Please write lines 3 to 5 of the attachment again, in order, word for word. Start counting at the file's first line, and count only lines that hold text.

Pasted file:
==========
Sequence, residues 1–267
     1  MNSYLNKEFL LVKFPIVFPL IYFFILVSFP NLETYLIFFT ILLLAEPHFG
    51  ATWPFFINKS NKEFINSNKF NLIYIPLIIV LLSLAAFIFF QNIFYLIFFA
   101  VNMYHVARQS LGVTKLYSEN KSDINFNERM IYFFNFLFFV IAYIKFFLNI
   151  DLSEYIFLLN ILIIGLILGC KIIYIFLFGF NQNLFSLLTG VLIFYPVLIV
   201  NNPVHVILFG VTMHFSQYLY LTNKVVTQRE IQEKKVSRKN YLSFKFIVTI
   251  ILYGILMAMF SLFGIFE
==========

    51  ATWPFFINKS NKEFINSNKF NLIYIPLIIV LLSLAAFIFF QNIFYLIFFA
   101  VNMYHVARQS LGVTKLYSEN KSDINFNERM IYFFNFLFFV IAYIKFFLNI
   151  DLSEYIFLLN ILIIGLILGC KIIYIFLFGF NQNLFSLLTG VLIFYPVLIV